Life on a Pirate Radio Ship: Part 6

The crew hated us.
The guys who did the daily maintenance on the ship didn’t regard “radio announcing” as real work. So when the DJs on the nightshift had the temerity to relax on the deck during the day and attempt to get a tan the crew was so disgusted they often put the “lazy announcers” to work swabbing the deck.
And in the evening when the night-time jocks were doing their shifts the crew gathered in the lounge to watch television. (I seem to recall reruns of The Muppets were a special favorite.)

None of the announcers dared to complain. After all, DJs were a dime a dozen. There was an agency in London which sent then out and paid the fare to Israel but only on the condition that they stay for a specified period of time. (I think it was three months.) If the DJs did not fulfill the terms of their contract allegedly the agency could refuse to pay for their return. On the other hand, or so I was told, qualified crew members were hard to find.

Seasickness was a problem for some announcers. Like Carl, the young English “canned music” king who arrived on board full of cocksure confidence, practical jokes and singing station breaks and promptly became as sick as the proverbial hound. After a few shifts, he retired to his cabin and only resurfaced at lunchtime. His face was so white you could have written home on it. Mind you, the Voice of Peace was anchored in international waters (about ten miles outside of Tel Aviv, or so I was told) but if you were susceptible to the rocking rhythms of the ship you could became seasick quickly and never really recover. Needless to say, Carl did not fulfill his contract. (I think his parents ended up paying his way home.) One guy whom I was told was a Hollywood screenwriter lasted three days.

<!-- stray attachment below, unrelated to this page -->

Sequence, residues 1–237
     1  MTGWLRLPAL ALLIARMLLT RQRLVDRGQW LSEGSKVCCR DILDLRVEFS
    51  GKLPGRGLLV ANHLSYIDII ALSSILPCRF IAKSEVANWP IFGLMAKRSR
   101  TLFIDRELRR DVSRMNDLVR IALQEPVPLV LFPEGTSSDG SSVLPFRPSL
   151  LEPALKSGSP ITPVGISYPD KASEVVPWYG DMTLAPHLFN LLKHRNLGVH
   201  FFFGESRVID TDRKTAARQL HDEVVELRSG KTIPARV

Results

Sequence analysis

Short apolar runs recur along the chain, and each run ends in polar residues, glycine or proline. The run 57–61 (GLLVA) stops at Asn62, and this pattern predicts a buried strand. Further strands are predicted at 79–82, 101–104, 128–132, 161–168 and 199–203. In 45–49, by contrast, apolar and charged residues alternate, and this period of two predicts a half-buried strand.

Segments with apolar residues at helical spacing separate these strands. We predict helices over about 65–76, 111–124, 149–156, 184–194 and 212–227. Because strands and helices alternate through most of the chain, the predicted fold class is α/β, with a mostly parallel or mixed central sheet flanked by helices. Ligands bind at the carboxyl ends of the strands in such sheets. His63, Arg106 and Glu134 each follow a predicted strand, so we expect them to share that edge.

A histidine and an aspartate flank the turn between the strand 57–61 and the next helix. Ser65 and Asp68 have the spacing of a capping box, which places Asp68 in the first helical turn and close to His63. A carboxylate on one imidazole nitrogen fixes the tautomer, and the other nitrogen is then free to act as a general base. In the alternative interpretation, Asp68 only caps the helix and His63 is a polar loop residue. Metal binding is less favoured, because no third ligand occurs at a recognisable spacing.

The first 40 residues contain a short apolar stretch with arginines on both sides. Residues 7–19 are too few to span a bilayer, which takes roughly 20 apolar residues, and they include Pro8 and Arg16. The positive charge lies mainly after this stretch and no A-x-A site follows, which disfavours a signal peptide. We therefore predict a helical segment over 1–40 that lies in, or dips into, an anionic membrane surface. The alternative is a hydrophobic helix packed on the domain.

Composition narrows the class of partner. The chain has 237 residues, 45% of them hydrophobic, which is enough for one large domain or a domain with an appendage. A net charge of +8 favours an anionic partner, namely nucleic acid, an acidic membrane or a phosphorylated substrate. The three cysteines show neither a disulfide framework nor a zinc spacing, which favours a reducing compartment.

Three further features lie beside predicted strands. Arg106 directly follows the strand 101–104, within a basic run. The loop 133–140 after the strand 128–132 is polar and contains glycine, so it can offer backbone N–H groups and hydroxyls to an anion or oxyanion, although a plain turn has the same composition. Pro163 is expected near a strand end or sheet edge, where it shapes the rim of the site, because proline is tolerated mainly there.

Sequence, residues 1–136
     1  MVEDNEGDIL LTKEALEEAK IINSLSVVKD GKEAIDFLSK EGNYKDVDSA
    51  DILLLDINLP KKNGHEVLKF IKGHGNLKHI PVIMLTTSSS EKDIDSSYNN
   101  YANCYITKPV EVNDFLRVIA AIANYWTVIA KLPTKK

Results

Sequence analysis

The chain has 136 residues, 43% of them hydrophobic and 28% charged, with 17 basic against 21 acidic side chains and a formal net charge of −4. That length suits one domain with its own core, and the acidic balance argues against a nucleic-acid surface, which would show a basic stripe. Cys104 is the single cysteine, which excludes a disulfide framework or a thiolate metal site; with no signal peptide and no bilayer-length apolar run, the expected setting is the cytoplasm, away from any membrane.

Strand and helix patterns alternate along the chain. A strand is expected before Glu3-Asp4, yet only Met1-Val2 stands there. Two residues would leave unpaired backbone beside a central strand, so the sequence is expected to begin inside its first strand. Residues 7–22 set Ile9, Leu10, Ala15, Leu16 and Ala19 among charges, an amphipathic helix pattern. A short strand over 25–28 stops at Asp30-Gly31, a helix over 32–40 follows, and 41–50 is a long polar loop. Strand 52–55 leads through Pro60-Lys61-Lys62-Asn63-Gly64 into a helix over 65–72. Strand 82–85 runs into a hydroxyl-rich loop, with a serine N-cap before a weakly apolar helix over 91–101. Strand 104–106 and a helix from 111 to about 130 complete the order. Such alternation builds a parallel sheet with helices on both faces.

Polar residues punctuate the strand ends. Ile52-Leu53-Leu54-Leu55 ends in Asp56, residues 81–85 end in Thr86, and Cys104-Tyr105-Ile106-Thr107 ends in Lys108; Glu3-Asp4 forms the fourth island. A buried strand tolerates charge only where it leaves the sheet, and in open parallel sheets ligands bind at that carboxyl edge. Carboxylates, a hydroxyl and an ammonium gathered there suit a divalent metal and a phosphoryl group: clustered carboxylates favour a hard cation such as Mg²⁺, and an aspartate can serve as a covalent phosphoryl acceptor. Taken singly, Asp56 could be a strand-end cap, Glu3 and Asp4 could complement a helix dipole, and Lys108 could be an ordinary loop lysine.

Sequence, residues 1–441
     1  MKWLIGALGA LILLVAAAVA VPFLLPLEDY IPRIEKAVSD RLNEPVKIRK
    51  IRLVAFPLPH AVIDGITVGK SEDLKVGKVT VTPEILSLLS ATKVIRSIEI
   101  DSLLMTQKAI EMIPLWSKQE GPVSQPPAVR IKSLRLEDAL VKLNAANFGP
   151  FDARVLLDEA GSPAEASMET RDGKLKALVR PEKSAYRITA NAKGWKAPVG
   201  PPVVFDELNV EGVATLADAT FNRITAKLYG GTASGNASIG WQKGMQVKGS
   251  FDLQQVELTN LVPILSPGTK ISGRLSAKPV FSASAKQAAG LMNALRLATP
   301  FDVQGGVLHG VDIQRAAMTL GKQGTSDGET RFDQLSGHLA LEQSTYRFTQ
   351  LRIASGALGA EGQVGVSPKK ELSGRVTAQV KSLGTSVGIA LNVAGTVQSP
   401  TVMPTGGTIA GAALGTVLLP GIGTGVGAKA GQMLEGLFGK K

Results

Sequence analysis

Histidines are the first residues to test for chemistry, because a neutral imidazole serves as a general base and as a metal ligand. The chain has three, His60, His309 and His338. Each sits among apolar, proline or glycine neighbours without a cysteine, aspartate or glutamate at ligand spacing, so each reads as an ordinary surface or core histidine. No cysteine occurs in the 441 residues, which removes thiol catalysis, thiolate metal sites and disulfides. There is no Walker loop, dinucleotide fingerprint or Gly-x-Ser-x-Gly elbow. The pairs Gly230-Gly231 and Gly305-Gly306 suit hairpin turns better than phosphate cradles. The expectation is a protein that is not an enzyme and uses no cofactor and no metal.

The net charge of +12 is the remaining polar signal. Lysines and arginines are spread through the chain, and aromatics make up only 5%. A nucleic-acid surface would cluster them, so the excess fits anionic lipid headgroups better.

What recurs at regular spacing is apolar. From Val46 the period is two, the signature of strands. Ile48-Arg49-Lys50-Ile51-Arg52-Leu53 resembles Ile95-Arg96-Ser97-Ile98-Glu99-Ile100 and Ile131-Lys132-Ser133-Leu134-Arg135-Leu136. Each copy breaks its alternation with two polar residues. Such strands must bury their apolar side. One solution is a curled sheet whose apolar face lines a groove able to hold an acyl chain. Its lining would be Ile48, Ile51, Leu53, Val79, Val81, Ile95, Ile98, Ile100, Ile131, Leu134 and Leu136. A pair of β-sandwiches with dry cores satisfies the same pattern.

It wasn’t just the rhythms of the ship. The announcers shared quarters in windowless cabins in the hold. One British DJ, Tony, who told me he was a veteran of Radio Caroline, raced past me one night, telling me breathlessly that he was late for his show. He scrambled up the ladder from the hold to the deck and then stopped stock still as he gazed at the inky blackness of the sky. Apparently he thought it was nine in the morning rather than nine o’clock at night. It was easy to lose track, especially if you were someone like Tony who rarely left the hold except to eat. (The studio and the record library were below deck as well.)
To Be Continued

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